Stefan Struve column |  If Bellator stops, it will be a huge loss

Stefan Struve column | If Bellator stops, it will be a huge loss

After last weekend, it appears there is less competition for Dana White’s organization.

Final attack

Bellator 301 in Chicago appears to be Bellator MMA’s final event for the time being. The second largest MMA organization in the world no longer has any events scheduled and owner Paramount has been planning to sell the organization for some time.

And because the American channel Showtime will stop all its sports content after this year, this also means a (temporary) end for Bellator. This is bad news for the fighters, staff and fans behind the scenes. There are rumors that the PFL (Professional Fighters League) will take over Bellator, but there is no clarity on that yet.

Less choice

For fighters, the closure of Bellator means fewer options for them to make money. Top fighters in particular can command a good “salary” in Bellator and this has given them more room to negotiate with the UFC.

Champion Gegard Mousasi meets with Bellator CEO Scott Coker (Photo credit: Lucas Noonan/BELLATOR MMA)

Photo: another agency

Athletes like Cris Cyborg, Gegard Mousasi, Ryan Bader, and Corey Anderson, among others, have consciously made the switch from the UFC to Bellator because they received more opportunities and better financial compensation from Scott Coker’s organization. That option appears to be disappearing, giving the UFC more power when it comes to negotiating with fighters.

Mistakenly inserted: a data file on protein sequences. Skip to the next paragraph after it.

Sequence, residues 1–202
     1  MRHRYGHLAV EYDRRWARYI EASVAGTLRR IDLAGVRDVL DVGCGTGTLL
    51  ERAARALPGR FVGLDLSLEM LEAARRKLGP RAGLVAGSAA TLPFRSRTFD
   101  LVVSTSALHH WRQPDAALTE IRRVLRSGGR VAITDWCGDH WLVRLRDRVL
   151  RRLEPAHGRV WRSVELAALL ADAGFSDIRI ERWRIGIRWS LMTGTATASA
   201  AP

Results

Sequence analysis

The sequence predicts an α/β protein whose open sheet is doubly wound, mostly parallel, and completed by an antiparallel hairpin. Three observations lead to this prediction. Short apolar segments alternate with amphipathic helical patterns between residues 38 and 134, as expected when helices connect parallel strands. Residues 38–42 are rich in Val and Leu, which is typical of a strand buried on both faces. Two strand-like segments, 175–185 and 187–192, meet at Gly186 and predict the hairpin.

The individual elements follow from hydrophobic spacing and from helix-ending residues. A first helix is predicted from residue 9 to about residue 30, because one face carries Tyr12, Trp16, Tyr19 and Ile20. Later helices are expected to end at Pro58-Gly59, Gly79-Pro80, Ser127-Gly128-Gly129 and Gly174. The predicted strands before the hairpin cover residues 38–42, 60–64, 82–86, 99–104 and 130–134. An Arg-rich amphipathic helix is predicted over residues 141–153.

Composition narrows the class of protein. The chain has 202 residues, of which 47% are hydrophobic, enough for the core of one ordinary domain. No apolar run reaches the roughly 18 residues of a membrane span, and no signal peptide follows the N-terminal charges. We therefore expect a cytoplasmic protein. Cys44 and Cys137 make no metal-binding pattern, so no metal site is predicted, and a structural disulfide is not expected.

from zero

Aaron Biko was also one of the top fighters in the organization, through trial and error.


Furthermore, Bellator has been very good to European MMA fans. In 2019, a European organization was established and events were held in England, Italy, Ireland and France. Bellator 248 was the first professional MMA event ever held in France, with the UFC Octagon coming to Paris just two years later.


Woman vs. Woman Ebelin (Image Source: Bellator MMA)

Photo: another agency

The Bellator event at 3Arena in Dublin twice a year was also a highlight. A packed arena of 9,000 rowdy Irishmen who were treated to title fights from Gegard Mousasi, Yaroslav Amosov and Johnny Eblin, among others.


There was also a lot to like about Bellator. The matchmaking was not always strong, events ran long and the timing of the performances sometimes left much to be desired, meaning, for example, Elias Boulaid, who was actually supposed to fight in the preliminaries, did not have to fight until after The match ends. The main event of February 2020 is a nearly empty 3Arena.

Valuable organization

But overall, Bellator has been a great value organization that has ensured that MMA fans can enjoy this beautiful sport and fighters who otherwise would not have been on the world stage (in most of the prequels to the UFC APEX event) got a chance to shine for a large audience.

Best of the best

In the past, fighters like Eddie Alvarez and Michael Chandler have moved from Bellator to the UFC and developed into bigger stars. One thing I always think is a shame is that we never get the chance to see the champions of these organizations fight against each other. Matches you can make now include Vadim Nemkov vs. Alex Pereira, Johnny Eblin vs. Shawn Strickland, and new Bellator welterweight champion Jason Jackson vs. Leon Edwards. Usman Nurmagomedov and Islam Makhachev clearly never want to face each other, but Patchi Meeks and Sean O’Malley would be a great matchup.

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I hope this changes in the future because that would give the world title more value, and in many cases remove doubt as to who is truly the best. I’ve never fought for Bellator myself, but I’ll miss them and secretly hope Scott Coker can pull another rabbit out of the hat.

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